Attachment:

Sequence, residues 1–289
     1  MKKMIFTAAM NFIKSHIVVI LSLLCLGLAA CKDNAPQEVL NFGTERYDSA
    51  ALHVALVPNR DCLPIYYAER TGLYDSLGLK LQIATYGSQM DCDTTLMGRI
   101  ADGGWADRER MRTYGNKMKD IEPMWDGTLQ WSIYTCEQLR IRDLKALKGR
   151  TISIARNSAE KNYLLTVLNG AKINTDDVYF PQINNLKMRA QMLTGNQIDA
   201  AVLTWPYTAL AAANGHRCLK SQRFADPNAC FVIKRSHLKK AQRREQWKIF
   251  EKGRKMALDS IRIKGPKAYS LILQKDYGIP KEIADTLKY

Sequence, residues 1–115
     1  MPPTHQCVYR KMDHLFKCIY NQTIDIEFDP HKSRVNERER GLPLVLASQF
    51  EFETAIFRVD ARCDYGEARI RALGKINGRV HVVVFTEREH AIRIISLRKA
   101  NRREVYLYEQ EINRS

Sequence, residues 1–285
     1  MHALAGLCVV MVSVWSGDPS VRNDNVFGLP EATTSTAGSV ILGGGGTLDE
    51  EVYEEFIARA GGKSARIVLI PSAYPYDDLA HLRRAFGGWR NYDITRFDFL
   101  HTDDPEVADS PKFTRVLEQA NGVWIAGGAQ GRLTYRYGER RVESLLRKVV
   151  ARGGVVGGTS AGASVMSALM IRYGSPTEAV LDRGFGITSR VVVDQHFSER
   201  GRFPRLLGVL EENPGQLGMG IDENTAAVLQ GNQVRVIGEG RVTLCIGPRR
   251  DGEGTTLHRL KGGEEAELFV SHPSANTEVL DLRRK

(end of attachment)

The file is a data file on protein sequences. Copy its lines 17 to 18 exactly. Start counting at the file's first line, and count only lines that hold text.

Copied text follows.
   201  GRFPRLLGVL EENPGQLGMG IDENTAAVLQ GNQVRVIGEG RVTLCIGPRR
   251  DGEGTTLHRL KGGEEAELFV SHPSANTEVL DLRRK